Those of you - and there are many - who feel that there is 'obviously a trick' to Blaine's Big 3: Premature Burial, Frozen In Time and Vertigo; will be disappointed. The 'trick' seems to be - that he really is kind of a wild and crazy guy. Not possessed of a death wish; far from it: he details the exhaustive research and training which preceded each stunt. The more one absorbs these though, the more it seems apparent that in each case, the element of risk is simply too high. Blaine's response is to acknowledge this, and then to proceed anyway.

For those - and there are many - who feel this is not magic, there is appropriately a chapter on Houdini, the first world-famous mystifier to have this accusation flung at him. And not the last, to find that audiences love your magic more, not less, when from time to time you hang it out for all to see, on the ledge of a pole or the jib of a crane. This Houdini material is impressively well researched, and provides illuminating insights into magic's original master marketer and self-publicist. For those who like to uncover such things, there are also distinct parallels with Blaine's life and Houdini's, though this is not in any way suggested directly.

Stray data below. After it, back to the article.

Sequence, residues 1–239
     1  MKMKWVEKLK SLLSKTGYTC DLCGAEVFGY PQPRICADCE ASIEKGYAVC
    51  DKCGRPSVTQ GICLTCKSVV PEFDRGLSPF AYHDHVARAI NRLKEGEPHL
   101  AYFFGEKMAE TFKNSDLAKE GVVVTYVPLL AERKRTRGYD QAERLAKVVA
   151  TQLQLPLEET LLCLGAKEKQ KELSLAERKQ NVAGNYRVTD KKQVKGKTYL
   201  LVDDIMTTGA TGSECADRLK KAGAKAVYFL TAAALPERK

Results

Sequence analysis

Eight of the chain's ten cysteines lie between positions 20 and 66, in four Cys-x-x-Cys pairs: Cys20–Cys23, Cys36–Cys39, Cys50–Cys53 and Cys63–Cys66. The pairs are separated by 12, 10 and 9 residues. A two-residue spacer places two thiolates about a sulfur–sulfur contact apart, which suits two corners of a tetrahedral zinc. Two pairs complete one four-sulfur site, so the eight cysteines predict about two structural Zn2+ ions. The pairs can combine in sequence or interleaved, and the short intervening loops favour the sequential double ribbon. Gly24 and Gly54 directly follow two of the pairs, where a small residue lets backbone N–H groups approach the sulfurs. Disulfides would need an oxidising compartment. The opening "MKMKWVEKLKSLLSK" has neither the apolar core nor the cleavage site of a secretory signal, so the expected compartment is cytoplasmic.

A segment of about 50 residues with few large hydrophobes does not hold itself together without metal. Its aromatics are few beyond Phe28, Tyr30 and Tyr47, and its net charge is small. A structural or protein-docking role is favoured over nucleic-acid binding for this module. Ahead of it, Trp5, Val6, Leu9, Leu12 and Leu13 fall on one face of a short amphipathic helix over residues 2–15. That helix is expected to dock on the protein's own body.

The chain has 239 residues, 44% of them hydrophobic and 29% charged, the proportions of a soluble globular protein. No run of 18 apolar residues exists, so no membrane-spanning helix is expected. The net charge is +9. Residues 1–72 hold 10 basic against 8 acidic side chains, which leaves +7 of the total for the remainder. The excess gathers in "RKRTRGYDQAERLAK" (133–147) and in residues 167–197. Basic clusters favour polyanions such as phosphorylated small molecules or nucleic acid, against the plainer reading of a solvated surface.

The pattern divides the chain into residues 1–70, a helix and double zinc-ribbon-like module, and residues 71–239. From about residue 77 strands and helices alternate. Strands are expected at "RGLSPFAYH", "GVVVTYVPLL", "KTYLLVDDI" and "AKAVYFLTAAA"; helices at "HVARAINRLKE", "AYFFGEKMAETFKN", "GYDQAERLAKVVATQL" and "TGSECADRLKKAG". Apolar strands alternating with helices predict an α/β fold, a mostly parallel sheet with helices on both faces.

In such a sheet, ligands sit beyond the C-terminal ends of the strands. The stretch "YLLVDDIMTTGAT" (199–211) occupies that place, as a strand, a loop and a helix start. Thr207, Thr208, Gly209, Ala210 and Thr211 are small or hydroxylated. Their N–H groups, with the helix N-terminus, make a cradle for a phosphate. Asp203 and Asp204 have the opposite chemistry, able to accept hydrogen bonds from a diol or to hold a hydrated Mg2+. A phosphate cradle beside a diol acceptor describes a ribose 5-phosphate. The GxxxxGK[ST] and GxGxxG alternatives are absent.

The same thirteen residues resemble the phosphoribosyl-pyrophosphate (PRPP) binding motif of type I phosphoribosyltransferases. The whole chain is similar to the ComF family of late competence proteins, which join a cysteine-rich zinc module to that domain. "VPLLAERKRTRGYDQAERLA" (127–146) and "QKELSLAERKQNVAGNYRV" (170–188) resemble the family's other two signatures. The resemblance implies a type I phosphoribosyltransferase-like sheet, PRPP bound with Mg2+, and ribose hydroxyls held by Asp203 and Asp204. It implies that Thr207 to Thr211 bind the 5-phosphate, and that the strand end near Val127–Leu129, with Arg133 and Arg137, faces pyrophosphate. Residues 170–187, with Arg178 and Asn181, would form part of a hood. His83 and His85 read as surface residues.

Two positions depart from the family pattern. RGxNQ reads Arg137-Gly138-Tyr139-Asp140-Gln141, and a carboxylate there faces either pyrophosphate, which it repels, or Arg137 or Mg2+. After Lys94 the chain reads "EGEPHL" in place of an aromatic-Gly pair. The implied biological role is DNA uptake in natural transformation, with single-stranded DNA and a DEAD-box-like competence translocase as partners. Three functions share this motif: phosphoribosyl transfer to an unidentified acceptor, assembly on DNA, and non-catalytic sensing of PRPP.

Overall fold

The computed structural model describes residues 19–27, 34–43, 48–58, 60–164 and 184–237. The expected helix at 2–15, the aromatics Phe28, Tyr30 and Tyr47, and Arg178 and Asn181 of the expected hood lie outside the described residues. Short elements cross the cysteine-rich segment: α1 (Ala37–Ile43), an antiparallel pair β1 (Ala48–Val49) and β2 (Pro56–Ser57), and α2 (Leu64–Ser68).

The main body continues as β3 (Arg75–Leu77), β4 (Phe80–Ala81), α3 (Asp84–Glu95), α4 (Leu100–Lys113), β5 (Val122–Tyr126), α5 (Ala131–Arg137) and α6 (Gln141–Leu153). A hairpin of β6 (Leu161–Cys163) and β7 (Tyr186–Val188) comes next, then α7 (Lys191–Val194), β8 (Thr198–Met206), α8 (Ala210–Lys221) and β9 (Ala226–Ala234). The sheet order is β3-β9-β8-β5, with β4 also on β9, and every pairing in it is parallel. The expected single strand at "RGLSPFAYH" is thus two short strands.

Among the pleasingly eclectic choice of Great Magicians populating other chapters, we find obvious characters such as Houdin and Herrmann, alongside less well known but equally significant characters like master conman Titanic Thompson. In each case there are well-chosen stories, replete with background, which bring out the special qualities of these men.